Reviews Manchester Published 22 May 2015

The Ghost Train

Royal Exchange ⋄ 14th May – 20th June 2015

The illusion of playing fast and loose.

James Varney

I really wanted to enjoy Told by an Idiot’s new show, a reworking of Arnold Ridley’s mystery about a group of stranded passengers and a ghostly locomotive, and in the beginning I did enjoy it because it started strong, in this interesting post-textual frame, with an onstage sound effects table, semi-present technician/characters, and a fun tension between the sound table and the onstage characters/actors. The opening scene was a lovely moment of assembly of the sounds of a train, generated by the actors onstage and the whole impression was that we were about to see something fun and interesting.

Then after about fifteen minutes, this frame was shooed offstage and never made a reappearance and the whole show shifted into an entirely dramaturgically separate-feeling pseudo-pantomime mode, which it stayed in until the end. The energy stayed high and the performances stayed strong, and the little tricks and quirks kept flying but at the same time there was this sense of watching something very static.

I’m not sure I’m able to pin it down to any one thing but Paul Hunter’s production consistently made me feel it was generating the illusion of playing fast and loose whilst playing incredibly safe; the first fifteen minutes aside I became increasingly incapable of feeling surprise at what was going on in front of me; it was relentless in its delivery and it became homogenous.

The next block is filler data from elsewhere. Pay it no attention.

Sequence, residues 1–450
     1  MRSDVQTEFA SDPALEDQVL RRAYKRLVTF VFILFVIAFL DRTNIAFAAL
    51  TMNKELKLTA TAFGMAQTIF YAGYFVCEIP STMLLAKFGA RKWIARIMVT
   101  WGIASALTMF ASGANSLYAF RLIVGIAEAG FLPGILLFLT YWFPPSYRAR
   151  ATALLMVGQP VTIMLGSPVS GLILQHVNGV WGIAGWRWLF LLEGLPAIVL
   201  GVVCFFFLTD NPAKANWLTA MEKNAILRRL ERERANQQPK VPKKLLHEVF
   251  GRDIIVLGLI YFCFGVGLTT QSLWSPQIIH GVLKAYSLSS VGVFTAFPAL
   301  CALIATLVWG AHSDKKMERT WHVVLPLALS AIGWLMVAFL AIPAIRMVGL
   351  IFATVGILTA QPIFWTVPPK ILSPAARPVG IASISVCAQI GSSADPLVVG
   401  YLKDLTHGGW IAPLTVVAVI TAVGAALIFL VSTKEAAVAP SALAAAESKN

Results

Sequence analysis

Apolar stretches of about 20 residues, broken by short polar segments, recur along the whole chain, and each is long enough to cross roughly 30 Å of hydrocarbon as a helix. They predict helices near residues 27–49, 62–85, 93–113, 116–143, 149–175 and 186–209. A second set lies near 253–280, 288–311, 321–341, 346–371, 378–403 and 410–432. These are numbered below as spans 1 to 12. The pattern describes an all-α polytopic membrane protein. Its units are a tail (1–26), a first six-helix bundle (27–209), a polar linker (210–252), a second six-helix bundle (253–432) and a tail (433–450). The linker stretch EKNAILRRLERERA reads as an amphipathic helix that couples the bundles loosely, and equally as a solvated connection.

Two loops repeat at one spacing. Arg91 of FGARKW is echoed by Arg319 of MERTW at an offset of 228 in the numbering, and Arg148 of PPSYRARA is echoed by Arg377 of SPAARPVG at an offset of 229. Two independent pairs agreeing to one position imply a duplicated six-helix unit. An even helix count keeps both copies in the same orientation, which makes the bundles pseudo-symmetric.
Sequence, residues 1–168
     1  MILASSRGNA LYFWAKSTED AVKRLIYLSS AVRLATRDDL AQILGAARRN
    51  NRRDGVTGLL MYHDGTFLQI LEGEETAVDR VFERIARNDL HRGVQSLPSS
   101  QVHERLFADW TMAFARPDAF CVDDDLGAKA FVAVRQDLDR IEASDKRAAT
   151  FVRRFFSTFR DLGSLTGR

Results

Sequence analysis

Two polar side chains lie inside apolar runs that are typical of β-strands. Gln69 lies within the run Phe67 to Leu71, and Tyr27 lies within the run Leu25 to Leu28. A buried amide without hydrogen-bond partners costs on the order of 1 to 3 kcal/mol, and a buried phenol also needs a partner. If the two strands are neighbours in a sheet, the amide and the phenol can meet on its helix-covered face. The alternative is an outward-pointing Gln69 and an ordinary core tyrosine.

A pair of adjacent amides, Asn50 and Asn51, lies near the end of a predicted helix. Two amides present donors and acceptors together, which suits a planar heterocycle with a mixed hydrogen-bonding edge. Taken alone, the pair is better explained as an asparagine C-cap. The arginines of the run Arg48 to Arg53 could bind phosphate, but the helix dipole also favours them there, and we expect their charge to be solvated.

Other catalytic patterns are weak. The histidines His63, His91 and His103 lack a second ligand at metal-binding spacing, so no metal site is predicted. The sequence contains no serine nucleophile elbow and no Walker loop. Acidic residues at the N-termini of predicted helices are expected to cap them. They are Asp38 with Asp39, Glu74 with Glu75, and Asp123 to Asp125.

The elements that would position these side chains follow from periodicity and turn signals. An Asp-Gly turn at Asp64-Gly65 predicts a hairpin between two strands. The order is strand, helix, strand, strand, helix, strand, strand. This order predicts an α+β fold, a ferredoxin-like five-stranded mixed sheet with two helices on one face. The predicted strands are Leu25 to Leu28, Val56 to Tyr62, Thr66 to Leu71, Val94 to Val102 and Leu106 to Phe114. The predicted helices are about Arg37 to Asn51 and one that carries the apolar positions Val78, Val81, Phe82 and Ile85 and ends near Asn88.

I began to feel like maybe Told by an Idiot picked the wrong text in choosing Ridley’s play, or by any road they paid too much mind to the text: every line felt like a great deal of care had been given to making sure it was clear to us and separate from the others and there was just too much space around every separate thought, which made the whole show feel much slower than it was; despite its denseness and the strength of its execution it plateaued early on and the rest came in a constant stream, a skilful stream but only ever on one level.

I’m banging on and on about how uninspired I felt watching this, but swathes of the audience loved it, and I’m particularly glad that there were so many kids in the audience having a great time – I’m always glad to see kids enjoying theatre (and of late I’m looking for hope everywhere I can find it), so if you’ve got kids take them along and they’ll probably have a great time, but if you’re looking for something that’s going to shake the foundations of what you even think theatre, trains, or ghosts are, then hold out for something else (it’ll probably be a long wait, mind (but if you’re interested in trains you’re probably used to that)).

I just wish this show kept on the same track it started on, because I think it could have gone somewhere brilliant with the whole glitching up the process of readaptation and reproduction (this is all wishful thinking), as it was, the interest faded far too rapidly and the energy and deliberateness of the piece became overwhelming, which resulted in a show that felt less than the sum of its parts, down to the sheer number of parts.


James Varney

James is a writer and theatre maker, based in the middle parts of England. He has created work with Daniel Bye, Josh Coates and Lenni Sanders and had work presented at Derby Theatre, The Royal Exchange, Manchester Literature Festival, Live at LICA and Camden People’s Theatre. James enjoys Peanut Butter, DIY Punk and Long Walks On The Beach.

The Ghost Train Show Info

Produced by Told by an Idiot

Directed by Paul Hunter

Written by Arnold Ridley




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